Only four babies diagnosed with Down’s syndrome before birth were born in Denmark last year, a Danish official has revealed.
Carsten Søndergaard, Denmark’s ambassador to the Republic of Ireland, quoted the figure after pro-life advocate Liz McDermott raised Denmark’s high abortion rate during a parliamentary hearing.
Despite the tiny number, Søndergaard claimed the country is not seeking to eradicate people with Down’s.
In response to McDermott’s remarks, Søndergaard confirmed that there were “four children born in Denmark with Down’s syndrome after prenatal diagnosis” last year.
He claimed that “it is not the policy of the Danish health authorities to eradicate Down’s syndrome”.
Abortion is allowed for any reason up to 12 weeks in Denmark.
However, it is possible to have an abortion after the 12th week if it is believed that the baby will be born with Down’s syndrome.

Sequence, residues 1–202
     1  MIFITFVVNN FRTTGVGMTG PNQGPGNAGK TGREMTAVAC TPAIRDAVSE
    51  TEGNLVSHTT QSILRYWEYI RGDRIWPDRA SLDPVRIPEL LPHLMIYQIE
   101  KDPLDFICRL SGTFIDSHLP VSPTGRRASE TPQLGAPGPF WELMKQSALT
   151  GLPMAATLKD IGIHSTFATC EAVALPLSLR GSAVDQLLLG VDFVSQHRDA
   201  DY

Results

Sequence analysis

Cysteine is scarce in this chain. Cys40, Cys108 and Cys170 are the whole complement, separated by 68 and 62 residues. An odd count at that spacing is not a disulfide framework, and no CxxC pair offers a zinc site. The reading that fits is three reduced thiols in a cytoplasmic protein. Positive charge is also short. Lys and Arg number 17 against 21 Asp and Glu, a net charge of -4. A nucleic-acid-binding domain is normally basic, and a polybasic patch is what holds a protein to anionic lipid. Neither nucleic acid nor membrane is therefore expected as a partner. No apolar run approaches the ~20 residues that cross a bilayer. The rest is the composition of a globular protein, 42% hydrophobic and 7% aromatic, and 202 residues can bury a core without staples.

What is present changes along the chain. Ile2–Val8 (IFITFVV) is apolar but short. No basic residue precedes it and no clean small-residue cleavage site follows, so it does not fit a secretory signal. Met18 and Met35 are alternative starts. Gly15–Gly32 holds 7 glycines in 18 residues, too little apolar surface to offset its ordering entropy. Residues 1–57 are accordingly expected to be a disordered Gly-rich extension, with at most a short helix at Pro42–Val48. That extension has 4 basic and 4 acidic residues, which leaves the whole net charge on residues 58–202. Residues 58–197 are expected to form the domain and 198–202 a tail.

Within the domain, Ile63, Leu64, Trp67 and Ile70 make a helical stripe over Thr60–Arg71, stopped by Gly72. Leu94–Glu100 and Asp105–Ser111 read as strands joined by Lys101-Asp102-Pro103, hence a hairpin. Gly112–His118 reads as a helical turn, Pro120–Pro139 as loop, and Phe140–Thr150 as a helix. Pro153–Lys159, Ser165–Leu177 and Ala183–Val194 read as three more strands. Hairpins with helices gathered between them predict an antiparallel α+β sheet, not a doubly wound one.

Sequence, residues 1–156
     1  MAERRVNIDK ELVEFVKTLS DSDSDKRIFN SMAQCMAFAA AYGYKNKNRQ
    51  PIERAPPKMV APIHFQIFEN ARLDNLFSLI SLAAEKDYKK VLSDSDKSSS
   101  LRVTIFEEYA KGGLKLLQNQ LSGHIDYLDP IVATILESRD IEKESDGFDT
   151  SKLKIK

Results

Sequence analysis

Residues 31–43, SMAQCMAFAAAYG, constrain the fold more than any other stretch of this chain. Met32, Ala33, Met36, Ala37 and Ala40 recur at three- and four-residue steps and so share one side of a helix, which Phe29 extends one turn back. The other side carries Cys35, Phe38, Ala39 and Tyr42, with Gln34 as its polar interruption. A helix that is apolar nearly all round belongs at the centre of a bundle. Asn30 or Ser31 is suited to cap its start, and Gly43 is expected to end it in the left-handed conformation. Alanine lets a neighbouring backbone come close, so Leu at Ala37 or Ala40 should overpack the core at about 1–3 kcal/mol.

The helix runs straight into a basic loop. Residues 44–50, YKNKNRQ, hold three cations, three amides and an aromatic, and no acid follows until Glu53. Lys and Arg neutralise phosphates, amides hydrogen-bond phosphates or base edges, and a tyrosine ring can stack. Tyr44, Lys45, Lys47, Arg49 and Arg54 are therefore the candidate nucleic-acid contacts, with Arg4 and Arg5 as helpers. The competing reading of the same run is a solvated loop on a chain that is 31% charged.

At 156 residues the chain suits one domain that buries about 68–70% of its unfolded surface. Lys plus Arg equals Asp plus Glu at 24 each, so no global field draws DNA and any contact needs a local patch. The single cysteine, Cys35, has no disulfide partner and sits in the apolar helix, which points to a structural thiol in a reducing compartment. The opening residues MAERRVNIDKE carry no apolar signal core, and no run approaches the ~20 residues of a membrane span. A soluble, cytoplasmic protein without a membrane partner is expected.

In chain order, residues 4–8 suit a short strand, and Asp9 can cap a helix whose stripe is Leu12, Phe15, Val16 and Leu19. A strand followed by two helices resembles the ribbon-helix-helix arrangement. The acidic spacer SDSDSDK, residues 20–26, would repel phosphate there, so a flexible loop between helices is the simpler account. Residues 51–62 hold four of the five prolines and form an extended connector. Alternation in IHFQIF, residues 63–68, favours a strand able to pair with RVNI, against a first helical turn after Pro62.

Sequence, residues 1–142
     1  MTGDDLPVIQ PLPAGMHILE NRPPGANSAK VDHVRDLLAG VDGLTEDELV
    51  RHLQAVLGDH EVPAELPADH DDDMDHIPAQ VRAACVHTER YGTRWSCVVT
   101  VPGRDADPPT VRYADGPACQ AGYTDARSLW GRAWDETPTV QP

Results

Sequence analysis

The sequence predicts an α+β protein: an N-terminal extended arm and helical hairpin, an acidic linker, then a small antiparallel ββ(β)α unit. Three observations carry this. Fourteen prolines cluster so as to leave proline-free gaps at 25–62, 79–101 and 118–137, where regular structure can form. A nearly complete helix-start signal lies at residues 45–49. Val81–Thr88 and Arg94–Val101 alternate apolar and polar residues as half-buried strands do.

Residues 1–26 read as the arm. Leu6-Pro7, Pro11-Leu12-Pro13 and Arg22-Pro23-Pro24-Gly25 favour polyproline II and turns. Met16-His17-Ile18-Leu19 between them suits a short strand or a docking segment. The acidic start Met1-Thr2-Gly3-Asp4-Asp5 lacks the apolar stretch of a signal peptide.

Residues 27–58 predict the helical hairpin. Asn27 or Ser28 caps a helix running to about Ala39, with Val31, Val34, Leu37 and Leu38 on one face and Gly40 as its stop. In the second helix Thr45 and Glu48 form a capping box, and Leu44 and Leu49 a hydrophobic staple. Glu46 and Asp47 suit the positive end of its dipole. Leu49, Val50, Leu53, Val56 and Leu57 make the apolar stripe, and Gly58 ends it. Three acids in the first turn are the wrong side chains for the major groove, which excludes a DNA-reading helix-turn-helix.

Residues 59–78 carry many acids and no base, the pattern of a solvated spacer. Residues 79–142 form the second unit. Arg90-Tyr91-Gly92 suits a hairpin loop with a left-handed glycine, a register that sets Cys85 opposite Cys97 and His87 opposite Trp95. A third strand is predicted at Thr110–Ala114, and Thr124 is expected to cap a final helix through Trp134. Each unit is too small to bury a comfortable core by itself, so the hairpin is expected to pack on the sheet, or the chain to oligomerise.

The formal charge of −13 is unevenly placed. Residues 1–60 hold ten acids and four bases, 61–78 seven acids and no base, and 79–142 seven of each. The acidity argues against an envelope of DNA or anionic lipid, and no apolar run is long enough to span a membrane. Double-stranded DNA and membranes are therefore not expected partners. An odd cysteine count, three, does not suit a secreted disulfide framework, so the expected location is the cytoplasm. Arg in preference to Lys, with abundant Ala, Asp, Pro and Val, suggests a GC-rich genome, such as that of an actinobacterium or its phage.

In Iceland, a report released earlier this year found that the use of genetic screening has led to almost 100 per cent of babies diagnosed with Down’s syndrome being aborted in the country.
CBS News visited the country to investigate the high abortion rate.
One abortionist told them they do not see abortion as murder, just “a thing that we ended”. The news outlet also spoke with a woman with Down’s who is living a full and healthy life.
She said people “just see Down’s. They don’t see me”, adding: “It doesn’t feel good. I want people to see that I am just like everybody else.”